Littell was a life-long champion of constitutionally protected religious liberty. In the 1980s, he established The Hamlin Institute, which provided a channel through which he could actively fight for that cause. He wrote “Proclaim Liberty,” a syndicated newspaper column, and he advocated for the rights of new religious movements. Littell served as a consultant to the Church of Scientology International, becoming involved with several court cases, and participated in Unification Church-sponsored educational tours.

Littell devoted more than fifty years of his life to the study and memorialization of the Holocaust, and it was while he was at Temple that this work gained real momentum. Littell encouraged an interfaith approach to the examination of the Holocaust and its meaning in history, and he established conferences and founded institutes to stimulate that type of analysis.

In 1970, with Hubert G. Locke, a professor at Wayne State University, Littell established the Annual Scholars Conference on the Holocaust and Church Struggle (ASC). The ASC provided a forum for discussion on the Holocaust in the United States. Littell later partnered with Robert Maxwell, British millionaire and media magnate, and his wife Elisabeth, in planning the Europe-based conference, “Remembering for the Future,” held in 1988, 1994, and 2000.

In 1975, Littell was involved in organizing the first Philadelphia Conference on the Holocaust, spurring the establishment of the Philadelphia Coordinating Council on the Holocaust. At Temple University, in 1976, Littell founded the PhD major in Holocaust studies and established the National Institute on the Holocaust (NIH), an interfaith education center. A direct result of these efforts was the inclusion of Holocaust education in the School District of Philadelphia’s curriculum.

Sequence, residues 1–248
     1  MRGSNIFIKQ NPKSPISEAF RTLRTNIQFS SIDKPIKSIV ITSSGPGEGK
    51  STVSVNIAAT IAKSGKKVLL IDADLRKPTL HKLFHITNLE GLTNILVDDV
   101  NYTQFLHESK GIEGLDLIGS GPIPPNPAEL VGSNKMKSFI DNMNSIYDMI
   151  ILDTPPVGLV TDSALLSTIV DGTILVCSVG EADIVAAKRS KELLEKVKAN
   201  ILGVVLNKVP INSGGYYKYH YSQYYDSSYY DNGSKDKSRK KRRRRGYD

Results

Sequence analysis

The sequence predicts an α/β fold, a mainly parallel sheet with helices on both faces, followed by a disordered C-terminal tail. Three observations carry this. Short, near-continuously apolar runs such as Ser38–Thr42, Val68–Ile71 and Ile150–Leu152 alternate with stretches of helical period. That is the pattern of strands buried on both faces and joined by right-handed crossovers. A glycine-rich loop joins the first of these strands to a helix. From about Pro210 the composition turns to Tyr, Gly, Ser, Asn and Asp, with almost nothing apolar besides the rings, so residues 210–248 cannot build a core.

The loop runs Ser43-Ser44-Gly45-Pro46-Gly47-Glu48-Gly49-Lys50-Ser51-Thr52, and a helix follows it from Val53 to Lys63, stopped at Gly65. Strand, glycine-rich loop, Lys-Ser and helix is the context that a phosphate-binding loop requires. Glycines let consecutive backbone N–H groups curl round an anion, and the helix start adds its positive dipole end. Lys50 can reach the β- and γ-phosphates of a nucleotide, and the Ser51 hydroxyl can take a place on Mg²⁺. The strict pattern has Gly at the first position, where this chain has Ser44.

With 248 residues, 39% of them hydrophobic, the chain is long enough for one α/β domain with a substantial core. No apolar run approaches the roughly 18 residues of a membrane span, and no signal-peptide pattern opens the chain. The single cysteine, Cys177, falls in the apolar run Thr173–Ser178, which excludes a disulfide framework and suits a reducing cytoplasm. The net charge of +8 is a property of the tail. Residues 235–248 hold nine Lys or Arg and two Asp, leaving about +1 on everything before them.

In the 1980s, the NIH changed its name to the Anne Frank Institute. The organization retained its primary purpose of education, and worked towards the creation of a museum. Littell and his second wife, Marcia Sachs Littell, who was Executive Director resigned from the Institute in the late 1980s and then organized the Philadelphia Center on the Holocaust, Genocide and Human Rights.

Beginning in 1979, Littell served as a member of the Advisory Board to the President’s Commission on the Holocaust and as a presidentially appointed member of the subsequent United States Holocaust Memorial Council. This group was tasked with developing a plan for the construction and purpose of a national memorial. Their work culminated fifteen years later, when the United States Holocaust Memorial Museum opened its doors to the public in 1993.

A prolific writer, Littell wrote or contributed to dozens of volumes and delivered hundreds of papers and addresses on the topics of church and religious history, religious liberty, totalitarianism, interfaith cooperation, extremism, and the Holocaust. Some of his more notable scholarly works, The German Phoenix (1960) and The Crucifixion of the Jews (1975), focus on the long term implications of the church struggle with totalitarianism, the Holocaust, and the founding of the State of Israel. He regularly wrote commentary on these issues and others in his syndicated newspaper columns, “Lest We Forget” and “Proclaim Liberty.”  

Description of Collection